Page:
Network observability is a popular term in the industry right now, and everyone seems to have their own definition. In this episode of Telemetry Now, Avi Freedman, CEO, and co-founder of Kentik joins us to talk about what network observability is really all about, what makes it work, and what problems it solves for packet nerds and router jockeys trying to keep the lights on.
Avi is the co-founder and CEO of Kentik. He has decades of experience as a leading technologist and executive in networking. He was with Akamai for over a decade, as VP Network Infrastructure and then Chief Network Scientist. Prior to that, Avi started Philadelphia’s first ISP (netaxs) in 1992, later running the network at AboveNet and serving as CTO for ServerCentral.Connect with Avi on LinkedIn
Phil Gervasi: This is Telemetry Now, and I'm your host, Phil Gervasi. With me today is legend in the networking world and the co- founder and CEO of Kentik, Avi Freedman. Now, I just finished reading Avi's book, Network Observability for Dummies, and I do have a few questions to ask and also comments to make. For example, how do we get visibility into networks that we don't own? Why do we need just so much information from the network? I mean, what are we really trying to solve here with network observability? Let's get started. Hey, Avi. It's really good to see you. Thanks for joining today. Well, I guess nobody else can see you, this is an audio only podcast. I mean, I can see you with our software, the rest of the audience will have to use their imagination, but it is good to see you and thanks for joining today.
Avi Freedman: Good to see you and thanks for having me on.
Phil Gervasi: Great. Before we get going, I want to establish just a foundation here, a kind of knowledge base between the two of us.
Avi Freedman: Okay.
Phil Gervasi: I know that we share a common passion for certain science fiction. Among all of the different Star Trek motion pictures out there, what would you consider your favorite one?
Avi Freedman: Wow, my favorite one. This is going to show that I'm not quite the Star Trek nerd that I should be for. I would say four, yes.
Phil Gervasi: The Voyage Home, it was four.
Avi Freedman: On the bus, with the nerve pinch, yes.
Phil Gervasi: Okay, that was a good one, because I love whales and marine biology and that sort of thing. That was a big part of my childhood. However, I am disappointed that you did not say Star Trek II: The Wrath of Khan.
Avi Freedman: Well, I try not to read badmoviephysics. com and look at too much of it, but I just have to say the idea that the Z axis in the third dimension was a new concept not taught at Starfleet Academy. I just couldn't really, " Oh, we're going to come up from the bottom and no one's going to expect us there," I didn't really, that sort of was like, " Eh."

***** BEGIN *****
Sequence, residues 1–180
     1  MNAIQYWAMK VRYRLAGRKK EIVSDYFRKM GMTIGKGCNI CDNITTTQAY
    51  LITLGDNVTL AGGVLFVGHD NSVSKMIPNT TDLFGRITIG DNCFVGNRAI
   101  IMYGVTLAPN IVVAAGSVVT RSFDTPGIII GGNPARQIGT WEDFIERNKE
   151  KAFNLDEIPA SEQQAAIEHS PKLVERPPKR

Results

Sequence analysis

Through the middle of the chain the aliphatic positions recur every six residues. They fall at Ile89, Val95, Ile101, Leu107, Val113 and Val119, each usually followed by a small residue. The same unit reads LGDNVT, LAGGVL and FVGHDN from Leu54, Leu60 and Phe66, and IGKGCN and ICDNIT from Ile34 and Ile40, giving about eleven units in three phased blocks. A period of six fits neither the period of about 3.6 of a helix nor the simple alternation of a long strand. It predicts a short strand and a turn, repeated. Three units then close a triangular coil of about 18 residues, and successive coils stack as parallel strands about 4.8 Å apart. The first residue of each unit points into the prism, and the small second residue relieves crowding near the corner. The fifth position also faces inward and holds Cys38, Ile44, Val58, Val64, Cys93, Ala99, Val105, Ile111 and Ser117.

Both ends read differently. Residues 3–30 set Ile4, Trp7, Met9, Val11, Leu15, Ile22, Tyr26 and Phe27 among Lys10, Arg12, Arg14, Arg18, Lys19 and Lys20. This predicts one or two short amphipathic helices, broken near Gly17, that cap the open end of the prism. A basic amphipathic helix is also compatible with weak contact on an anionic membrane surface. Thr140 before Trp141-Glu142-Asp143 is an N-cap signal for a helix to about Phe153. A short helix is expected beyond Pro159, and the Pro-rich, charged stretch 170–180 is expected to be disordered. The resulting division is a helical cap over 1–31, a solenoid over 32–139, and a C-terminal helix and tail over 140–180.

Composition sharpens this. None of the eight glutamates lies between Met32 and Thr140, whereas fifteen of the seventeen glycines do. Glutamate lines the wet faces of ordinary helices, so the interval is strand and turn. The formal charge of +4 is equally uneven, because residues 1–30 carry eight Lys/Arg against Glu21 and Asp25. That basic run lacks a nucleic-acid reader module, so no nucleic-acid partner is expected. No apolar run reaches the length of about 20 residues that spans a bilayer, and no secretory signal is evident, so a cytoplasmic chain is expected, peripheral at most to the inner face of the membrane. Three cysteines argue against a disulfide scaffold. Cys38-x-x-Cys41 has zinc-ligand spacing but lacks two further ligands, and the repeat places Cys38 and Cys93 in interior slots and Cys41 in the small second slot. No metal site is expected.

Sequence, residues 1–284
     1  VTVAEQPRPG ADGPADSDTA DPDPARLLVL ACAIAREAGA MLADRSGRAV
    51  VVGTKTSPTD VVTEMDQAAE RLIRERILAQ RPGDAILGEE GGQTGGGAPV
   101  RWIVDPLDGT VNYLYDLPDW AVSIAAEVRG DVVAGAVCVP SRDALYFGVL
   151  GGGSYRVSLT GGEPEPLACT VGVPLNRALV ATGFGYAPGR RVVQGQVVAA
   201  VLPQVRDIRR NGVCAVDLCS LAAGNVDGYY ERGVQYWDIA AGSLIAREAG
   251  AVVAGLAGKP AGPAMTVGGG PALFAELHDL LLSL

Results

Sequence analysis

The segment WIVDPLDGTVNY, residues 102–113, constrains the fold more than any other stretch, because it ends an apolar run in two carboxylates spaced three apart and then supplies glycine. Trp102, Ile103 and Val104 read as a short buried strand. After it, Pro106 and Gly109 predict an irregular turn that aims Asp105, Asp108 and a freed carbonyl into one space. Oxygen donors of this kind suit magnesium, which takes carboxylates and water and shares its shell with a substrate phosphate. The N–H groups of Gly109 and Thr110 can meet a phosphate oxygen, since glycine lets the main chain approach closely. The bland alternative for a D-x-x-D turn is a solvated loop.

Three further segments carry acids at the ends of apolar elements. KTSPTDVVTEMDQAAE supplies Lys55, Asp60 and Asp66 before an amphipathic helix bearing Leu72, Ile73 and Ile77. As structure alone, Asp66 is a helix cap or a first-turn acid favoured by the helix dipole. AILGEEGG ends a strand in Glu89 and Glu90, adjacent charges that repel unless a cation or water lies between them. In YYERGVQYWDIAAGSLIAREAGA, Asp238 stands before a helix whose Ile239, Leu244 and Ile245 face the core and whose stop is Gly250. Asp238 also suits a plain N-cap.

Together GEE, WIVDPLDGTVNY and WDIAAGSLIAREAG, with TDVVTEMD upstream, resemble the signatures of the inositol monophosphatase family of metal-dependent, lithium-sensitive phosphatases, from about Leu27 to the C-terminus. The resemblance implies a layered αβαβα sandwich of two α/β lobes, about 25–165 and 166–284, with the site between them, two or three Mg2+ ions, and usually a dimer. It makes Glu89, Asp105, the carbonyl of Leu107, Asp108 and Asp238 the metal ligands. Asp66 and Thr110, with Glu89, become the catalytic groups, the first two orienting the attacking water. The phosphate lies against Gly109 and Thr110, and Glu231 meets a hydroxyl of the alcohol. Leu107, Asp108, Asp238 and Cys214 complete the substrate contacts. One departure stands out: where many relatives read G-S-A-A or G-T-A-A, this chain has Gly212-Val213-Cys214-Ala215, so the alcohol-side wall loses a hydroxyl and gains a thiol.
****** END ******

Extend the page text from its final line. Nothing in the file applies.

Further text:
Phil Gervasi: Right. I think most sci- fi nerds agree that that is probably the best one. Let's get started here, Avi. I just finished reading your eBook not long ago and I do have some questions and comments, and frankly I know that the idea of observability itself, that predates technology. I mean, we're talking about-
Avi Freedman: Well, predates networks especially, right? Network observability was the state of the resistors and electrical network type stuff.
Phil Gervasi: Yeah, but I mean, in it's pure form, observability is about looking at the components or the outputs of a system to infer its health, right, or its status.
Avi Freedman: Mm- hmm. Yeah.
Phil Gervasi: Yeah.
Avi Freedman: I guess I haven't seen that in a non- tech setting, but I will go look and see.
Phil Gervasi: Mm-hmm. Okay, well, then let's talk about that in the context of networking. How does that really hold true for networking considering that there are so many disparate parts?
Avi Freedman: I guess that's sort of the point. If you're peering at one port on a network trying to scry and understand and reverse engineer all the inputs that might have caused what you're seeing, then usually you're sitting there scratching your head and you can't figure it out. Especially with internet related networking, if it takes you longer to figure out what the problem is, then the duration of the problem, that's not very helpful. That's just wastes a lot of time. Sometimes things are real problems, but only for two, three hours congestion on a network that is remote to you or in towards Twilio if that's where you need to get to send your SMS. That's the whole point, is the more complex your network, the more you need to be able to see the different parts of it. Or you're just sort trying to infer what might be the problem beyond it, which is pretty difficult. When you've got cloud, you've got data center, you've got win, you've got the internet side and really you've got the applications which are, I call them nowadays, magic packet, transporters, even CDNs, right? It's not like you have a prefix and your shortest path or distance factor and you're just trying to get somewhere. People are magically load balancing traffic around and those are things that are important to see from a telemetry perspective too.